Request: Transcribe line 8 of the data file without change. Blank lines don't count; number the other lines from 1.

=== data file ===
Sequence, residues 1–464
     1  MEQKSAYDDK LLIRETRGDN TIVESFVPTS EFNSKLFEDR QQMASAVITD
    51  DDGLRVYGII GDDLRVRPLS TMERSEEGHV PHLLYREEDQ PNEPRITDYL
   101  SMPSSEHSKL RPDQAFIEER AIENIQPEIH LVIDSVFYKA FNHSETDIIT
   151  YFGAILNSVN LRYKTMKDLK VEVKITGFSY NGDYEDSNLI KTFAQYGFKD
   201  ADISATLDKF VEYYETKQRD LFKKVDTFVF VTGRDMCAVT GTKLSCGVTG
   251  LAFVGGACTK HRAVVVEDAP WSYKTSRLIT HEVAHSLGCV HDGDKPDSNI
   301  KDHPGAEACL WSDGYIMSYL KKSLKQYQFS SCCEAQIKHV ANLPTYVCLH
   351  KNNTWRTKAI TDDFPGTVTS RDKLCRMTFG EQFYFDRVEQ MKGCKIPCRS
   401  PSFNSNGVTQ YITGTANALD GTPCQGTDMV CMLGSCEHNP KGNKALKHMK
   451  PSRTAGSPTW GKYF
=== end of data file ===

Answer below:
   301  KDHPGAEACL WSDGYIMSYL KKSLKQYQFS SCCEAQIKHV ANLPTYVCLH